Monday, December 6, 2010

Making Mozzarella with Anya, Age 10

If you don't believe that making Mozzarella is so easy a child can do it, here's your proof!

Anya Firisen is 10 years old and she already knows more about cheese than most of us.  Ricki met her when she attended a Cheesemaking 101 Workshop with her former pre-school teacher this past summer.  Soon after, Anya appeared in an article in Culture magazine (Fall, 2010) called "Lunchbox Lessons."  She made recommendations and gave advice to help other young cheese enthusiasts.  In fact, Culture teamed up with the Cowgirl Creamery to offer a selection of the cheeses Anya recommended.

When I contacted Anya, I learned that she was just about to be making Mozzarella all by herself.  I asked her to take a few pictures and she agreed.  In the end, she carefully documented every single step of the process.  She was using our recipe which may be found in our book, "Home Cheese Making" and in our Mozzarella Kit.  Her milk was pasteurized, but not homogenized (Ronnybrook Creamline).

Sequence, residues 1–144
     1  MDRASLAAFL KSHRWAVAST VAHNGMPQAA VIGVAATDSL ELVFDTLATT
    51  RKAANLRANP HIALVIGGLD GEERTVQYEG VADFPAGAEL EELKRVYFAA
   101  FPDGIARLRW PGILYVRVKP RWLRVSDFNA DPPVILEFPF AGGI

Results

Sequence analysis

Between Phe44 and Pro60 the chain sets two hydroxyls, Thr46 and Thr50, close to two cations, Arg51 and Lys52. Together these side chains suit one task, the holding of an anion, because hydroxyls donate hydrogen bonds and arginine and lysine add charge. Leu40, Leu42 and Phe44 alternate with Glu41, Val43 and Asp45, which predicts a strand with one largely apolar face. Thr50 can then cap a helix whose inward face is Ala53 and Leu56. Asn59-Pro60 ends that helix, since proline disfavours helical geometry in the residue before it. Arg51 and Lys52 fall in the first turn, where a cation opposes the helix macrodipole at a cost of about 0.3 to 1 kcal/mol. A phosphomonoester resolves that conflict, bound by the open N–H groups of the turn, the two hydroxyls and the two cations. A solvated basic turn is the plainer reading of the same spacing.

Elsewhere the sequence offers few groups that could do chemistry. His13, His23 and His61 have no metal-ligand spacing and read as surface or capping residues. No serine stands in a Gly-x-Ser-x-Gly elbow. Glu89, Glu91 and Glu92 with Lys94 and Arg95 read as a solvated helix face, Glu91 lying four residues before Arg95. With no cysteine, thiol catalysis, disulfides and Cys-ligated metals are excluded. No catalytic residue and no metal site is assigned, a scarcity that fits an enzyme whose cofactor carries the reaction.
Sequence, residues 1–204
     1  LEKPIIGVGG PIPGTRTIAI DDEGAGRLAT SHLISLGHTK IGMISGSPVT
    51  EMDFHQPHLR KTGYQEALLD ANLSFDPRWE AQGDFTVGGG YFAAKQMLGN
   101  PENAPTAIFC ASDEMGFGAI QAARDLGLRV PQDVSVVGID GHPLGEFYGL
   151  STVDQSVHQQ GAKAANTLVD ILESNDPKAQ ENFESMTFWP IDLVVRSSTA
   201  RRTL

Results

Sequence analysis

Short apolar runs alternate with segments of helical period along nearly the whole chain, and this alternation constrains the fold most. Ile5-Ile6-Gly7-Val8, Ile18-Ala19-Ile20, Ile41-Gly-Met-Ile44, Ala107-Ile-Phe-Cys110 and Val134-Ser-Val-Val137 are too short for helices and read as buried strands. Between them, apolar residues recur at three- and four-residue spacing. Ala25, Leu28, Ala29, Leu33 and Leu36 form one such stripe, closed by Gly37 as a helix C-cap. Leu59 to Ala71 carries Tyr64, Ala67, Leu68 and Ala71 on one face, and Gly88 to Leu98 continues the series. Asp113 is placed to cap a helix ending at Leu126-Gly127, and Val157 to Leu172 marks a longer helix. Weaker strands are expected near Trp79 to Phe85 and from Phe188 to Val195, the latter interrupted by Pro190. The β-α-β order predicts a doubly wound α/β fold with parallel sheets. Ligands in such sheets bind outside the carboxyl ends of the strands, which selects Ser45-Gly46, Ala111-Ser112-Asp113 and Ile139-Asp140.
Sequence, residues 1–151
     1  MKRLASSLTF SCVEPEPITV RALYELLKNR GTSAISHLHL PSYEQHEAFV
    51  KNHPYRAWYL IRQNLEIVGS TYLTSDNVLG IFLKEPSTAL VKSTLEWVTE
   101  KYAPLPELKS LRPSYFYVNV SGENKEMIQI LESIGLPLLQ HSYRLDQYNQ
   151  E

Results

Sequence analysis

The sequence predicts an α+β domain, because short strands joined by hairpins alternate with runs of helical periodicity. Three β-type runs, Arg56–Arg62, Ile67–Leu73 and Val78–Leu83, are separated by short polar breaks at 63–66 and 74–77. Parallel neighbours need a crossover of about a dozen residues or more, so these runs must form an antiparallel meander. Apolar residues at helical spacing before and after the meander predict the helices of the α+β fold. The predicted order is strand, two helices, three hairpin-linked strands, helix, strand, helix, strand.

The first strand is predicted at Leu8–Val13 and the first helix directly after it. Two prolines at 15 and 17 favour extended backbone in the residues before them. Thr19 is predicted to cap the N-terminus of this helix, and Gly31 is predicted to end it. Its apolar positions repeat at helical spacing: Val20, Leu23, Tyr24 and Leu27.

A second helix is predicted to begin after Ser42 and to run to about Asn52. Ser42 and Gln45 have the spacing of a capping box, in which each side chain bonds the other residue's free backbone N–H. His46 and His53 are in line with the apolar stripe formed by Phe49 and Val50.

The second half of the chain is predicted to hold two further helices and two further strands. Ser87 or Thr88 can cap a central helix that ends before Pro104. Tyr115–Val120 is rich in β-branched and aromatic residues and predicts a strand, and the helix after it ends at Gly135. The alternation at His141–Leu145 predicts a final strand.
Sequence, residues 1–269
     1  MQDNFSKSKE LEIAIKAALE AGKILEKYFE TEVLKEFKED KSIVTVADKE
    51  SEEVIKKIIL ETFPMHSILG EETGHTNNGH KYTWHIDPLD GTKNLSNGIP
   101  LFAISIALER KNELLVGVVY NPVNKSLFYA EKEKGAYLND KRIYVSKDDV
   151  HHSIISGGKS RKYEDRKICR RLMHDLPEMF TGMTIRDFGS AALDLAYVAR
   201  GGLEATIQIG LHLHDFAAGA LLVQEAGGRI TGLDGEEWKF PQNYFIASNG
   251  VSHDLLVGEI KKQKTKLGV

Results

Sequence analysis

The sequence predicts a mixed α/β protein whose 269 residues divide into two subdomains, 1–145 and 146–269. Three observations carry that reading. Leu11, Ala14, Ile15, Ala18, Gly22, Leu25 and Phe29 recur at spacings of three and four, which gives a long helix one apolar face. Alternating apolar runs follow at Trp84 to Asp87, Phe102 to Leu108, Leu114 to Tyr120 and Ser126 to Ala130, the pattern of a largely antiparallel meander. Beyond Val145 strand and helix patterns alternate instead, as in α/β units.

Making Mozzarella with Anya Firisen

Adding the citric acid to the milk.  (In our kit, we recommend diluting it first and putting it in the pot before adding the milk, but Anya's method worked fine.)

Slowly heating the milk to 90F.
Adding the rennet.
 Covering the pot and waiting 10 minutes.
Cutting the curd.
Heating the curds to 105F.
Getting the bowl and gloves ready.
Taking the pot off the burner.
Spooning the curds into a bowl.
Heating the curds in the microwave.
Checking to see if the curds are hot enough.
Adding the salt.  (The salt may be added during the stretch if you wish.)
Stretching the cheese.
Eating the cheese!
Thank you, Anya.


Johanna said...

Very cool! I never liked cheese when I was 10. Maybe if I'd had the opportunity to make it!

The Japanese Redneck said...

That's easy enough!

Joyce said...

That's it..... I'm way older than Anya (over half a century older) so I guess I can learn how to make cheese too. I'm ordering a kit today. The 2 community colleges that I can drive to to take classes charge a lot, and then I don't think I'll have the equipment to keep.
My daughter & I will be trying this soon.